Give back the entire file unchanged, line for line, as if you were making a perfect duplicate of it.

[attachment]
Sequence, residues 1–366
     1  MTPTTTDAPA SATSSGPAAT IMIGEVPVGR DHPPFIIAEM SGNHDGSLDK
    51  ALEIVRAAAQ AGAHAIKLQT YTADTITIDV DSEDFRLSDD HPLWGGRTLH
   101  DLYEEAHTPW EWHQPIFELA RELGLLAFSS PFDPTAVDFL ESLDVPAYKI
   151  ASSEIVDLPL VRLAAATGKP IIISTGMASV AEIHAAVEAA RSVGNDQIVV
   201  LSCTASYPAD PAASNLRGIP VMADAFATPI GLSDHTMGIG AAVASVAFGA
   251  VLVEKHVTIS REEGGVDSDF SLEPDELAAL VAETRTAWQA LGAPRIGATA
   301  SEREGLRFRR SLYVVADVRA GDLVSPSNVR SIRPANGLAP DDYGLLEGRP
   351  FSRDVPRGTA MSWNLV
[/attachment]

Sequence, residues 1–366
     1  MTPTTTDAPA SATSSGPAAT IMIGEVPVGR DHPPFIIAEM SGNHDGSLDK
    51  ALEIVRAAAQ AGAHAIKLQT YTADTITIDV DSEDFRLSDD HPLWGGRTLH
   101  DLYEEAHTPW EWHQPIFELA RELGLLAFSS PFDPTAVDFL ESLDVPAYKI
   151  ASSEIVDLPL VRLAAATGKP IIISTGMASV AEIHAAVEAA RSVGNDQIVV
   201  LSCTASYPAD PAASNLRGIP VMADAFATPI GLSDHTMGIG AAVASVAFGA
   251  VLVEKHVTIS REEGGVDSDF SLEPDELAAL VAETRTAWQA LGAPRIGATA
   301  SEREGLRFRR SLYVVADVRA GDLVSPSNVR SIRPANGLAP DDYGLLEGRP
   351  FSRDVPRGTA MSWNLV